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Reinforcement theory (Skinner, 1953) suggests that pay acts as a general reinforcer because of its repeated pairing with primary reinforcers. People learn from life experiences that a primary need, such as food or shelter, can be satisfied if money is obtained. Other theorists suggest that through similar experiences a drive for money itself develops (Dollard & Miller, 1950). Whether treating pay as a means to an end or as an end itself, reinforcement theory does not provide a clear explanation for how pay acts as an impetus for action. People engage in behaviors because of past experiences, but the process by which past experiences determine an individual’s future behavior remained unclear. EXPECTANCY THEORY

Vroom’s (1964) expectancy theory helped clarify how pay influences future behavior. According to expectancy theory, three components determine motivation: 1) a judgment regarding the likelihood that an effort leads to a certain level of performance (expectancy); 2) a judgment regarding the likelihood that this level of performance leads to a certain outcome (instrumentality); and 3) the importance of the outcome to the individual (valence). Life experience, the key determinant of behavior as suggested by reinforcement theory, influences the determination of both expectancy and instrumentality. If an individual has prior experience which leads him or her to believe that a certain level of effort will lead to a given level of performance and that this level of performance will lead to a given outcome, that person will be more likely to engage in that behavior, if the outcome is desirable (high valence). Vroom (1964) suggests that pay motivates behavior only if valued by the employee or if pay allows individuals to obtain some other highly valued outcome.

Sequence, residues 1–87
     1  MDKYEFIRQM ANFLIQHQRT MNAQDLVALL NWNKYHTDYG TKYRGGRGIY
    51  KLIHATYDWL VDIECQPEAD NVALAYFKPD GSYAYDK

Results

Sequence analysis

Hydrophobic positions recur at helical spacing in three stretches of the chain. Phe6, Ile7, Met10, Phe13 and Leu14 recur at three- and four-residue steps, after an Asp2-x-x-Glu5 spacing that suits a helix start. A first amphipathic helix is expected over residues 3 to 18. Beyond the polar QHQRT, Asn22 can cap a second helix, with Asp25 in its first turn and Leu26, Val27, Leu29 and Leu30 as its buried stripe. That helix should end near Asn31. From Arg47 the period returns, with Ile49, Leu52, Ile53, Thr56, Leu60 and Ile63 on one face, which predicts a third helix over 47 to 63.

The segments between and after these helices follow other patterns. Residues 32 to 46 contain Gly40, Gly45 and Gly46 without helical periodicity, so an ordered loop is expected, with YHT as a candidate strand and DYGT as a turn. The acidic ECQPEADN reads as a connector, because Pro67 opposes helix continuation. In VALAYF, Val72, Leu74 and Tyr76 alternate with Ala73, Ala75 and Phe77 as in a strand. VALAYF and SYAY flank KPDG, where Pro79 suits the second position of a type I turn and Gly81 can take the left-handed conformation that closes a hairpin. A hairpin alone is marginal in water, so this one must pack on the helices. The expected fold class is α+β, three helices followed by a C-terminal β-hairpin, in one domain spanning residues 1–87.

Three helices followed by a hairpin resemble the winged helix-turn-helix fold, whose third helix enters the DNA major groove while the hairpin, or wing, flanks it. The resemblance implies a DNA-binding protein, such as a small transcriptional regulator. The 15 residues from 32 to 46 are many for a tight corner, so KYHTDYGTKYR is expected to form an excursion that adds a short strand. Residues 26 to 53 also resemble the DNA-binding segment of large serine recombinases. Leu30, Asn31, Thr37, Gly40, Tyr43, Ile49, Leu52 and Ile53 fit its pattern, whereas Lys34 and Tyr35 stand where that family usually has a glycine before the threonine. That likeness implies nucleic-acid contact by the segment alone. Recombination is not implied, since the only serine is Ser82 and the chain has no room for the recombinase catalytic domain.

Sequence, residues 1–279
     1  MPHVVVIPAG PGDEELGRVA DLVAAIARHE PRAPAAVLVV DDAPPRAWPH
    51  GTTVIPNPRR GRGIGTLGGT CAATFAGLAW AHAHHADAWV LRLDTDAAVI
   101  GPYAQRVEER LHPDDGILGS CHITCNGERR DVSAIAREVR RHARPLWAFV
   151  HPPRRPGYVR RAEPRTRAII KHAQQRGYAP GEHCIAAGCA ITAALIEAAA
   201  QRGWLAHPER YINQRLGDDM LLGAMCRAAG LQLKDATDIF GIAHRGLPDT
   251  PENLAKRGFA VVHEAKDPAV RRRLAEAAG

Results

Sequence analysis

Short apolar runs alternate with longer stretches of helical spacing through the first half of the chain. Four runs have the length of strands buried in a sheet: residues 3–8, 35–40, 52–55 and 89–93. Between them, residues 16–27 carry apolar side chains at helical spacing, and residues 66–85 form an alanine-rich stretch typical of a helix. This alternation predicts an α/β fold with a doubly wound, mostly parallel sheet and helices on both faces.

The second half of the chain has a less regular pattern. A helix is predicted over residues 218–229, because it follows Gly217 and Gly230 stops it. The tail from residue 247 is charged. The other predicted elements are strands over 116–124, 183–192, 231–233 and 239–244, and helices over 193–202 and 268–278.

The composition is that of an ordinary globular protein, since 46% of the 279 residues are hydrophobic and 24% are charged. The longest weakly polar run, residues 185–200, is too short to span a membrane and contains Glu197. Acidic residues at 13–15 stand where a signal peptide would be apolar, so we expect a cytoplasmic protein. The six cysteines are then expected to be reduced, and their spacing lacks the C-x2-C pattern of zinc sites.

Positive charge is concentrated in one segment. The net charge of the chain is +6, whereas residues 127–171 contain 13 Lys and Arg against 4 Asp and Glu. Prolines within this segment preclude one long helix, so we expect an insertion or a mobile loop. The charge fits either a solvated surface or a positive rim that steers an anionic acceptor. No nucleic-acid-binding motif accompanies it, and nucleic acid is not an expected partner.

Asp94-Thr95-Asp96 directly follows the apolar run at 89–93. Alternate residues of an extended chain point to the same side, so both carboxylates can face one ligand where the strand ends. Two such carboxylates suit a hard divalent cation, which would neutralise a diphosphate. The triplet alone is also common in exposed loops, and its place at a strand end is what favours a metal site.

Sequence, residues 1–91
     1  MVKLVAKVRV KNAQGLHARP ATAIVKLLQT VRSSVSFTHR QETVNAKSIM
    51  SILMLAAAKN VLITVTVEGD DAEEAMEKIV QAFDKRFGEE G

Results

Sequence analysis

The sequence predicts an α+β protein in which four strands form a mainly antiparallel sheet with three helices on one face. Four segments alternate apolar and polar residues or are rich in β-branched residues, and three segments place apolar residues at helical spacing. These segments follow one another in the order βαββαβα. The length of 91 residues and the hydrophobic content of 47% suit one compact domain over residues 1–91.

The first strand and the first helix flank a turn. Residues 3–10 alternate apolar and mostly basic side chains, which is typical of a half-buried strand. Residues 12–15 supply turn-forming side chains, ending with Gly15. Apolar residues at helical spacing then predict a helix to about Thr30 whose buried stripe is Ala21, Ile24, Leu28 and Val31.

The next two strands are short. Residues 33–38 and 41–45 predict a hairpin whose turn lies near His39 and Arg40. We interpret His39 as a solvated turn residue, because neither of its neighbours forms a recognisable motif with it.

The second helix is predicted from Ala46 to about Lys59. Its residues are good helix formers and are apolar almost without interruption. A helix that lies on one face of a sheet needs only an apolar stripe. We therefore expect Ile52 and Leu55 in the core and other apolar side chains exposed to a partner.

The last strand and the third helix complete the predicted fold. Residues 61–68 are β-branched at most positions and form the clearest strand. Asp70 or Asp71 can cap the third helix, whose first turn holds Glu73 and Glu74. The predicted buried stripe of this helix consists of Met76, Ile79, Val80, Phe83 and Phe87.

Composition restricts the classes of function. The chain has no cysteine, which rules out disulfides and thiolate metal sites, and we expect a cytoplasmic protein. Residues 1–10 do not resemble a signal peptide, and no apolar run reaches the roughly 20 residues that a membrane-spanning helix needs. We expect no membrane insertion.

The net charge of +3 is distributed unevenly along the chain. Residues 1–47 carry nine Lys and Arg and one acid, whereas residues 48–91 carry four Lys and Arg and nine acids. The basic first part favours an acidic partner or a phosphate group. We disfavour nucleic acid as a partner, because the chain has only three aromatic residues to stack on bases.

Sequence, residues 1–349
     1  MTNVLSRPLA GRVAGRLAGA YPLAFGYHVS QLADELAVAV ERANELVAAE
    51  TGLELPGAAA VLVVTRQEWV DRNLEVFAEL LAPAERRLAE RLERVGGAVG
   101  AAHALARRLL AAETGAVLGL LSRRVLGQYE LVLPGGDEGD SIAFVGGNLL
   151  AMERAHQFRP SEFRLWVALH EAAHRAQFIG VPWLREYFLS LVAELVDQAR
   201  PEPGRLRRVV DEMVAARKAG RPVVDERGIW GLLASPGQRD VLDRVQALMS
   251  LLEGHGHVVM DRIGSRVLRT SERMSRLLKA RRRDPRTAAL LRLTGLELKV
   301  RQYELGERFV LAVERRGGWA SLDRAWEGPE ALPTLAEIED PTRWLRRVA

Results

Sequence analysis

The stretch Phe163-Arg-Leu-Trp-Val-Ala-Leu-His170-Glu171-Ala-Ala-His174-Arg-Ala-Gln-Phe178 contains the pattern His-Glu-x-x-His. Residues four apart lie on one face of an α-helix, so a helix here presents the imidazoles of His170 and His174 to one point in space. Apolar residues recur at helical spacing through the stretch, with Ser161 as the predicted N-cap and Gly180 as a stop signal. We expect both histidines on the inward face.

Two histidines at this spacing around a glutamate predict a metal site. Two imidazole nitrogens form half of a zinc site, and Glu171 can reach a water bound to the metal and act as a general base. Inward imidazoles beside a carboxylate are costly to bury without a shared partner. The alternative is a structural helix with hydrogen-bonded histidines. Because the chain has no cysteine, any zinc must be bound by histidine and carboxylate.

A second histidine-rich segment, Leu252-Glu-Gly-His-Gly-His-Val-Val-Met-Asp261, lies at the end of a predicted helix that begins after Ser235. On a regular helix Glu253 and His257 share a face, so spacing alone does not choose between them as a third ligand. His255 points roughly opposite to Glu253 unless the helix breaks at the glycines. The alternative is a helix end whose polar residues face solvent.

One key component not specifically delineated by either reinforcement or expectancy theory is the desirability of the outcome. This suggests an affective reaction to the outcome that influences an individual’s behavior. Herzberg’s (1968) two-factor motivational model provides an important link between pay research and pay satisfaction research by suggesting that it is the individual’s affective reaction to pay, pay satisfaction, that impacts motivation. Herzberg (1968) suggests pay is a hygiene, or contextual factor, that prevents an employee from being motivated by such things as the work itself. Herzberg (1968) suggests that if an organization wishes to motivate employees, the organization must first make sure pay and other hygiene factors are at such levels that dissatisfaction does not occur. Along with reinforcement (Skinner, 1953) and expectancy theories (Vroom, 1964), Herzberg’s (1968) two-factor theory begins to explain why pay is generally regarded as a major mechanism for rewarding and modifying behavior (Opsahl & Dunnette, 1966). However, it is difficult to relate pay directly to outcomes. It is actually attitudes such as pay satisfaction that have been shown to be important intervening variables in the relationships between pay and outcomes.